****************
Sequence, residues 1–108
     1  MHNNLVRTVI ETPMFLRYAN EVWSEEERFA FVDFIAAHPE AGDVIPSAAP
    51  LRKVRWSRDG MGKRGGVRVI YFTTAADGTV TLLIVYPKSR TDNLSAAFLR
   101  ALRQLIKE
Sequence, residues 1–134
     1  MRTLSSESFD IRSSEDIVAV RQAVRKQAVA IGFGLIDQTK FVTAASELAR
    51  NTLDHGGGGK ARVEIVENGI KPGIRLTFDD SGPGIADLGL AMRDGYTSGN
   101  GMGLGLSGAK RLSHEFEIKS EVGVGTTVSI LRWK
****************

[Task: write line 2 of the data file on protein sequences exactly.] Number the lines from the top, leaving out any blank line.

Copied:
     1  MHNNLVRTVI ETPMFLRYAN EVWSEEERFA FVDFIAAHPE AGDVIPSAAP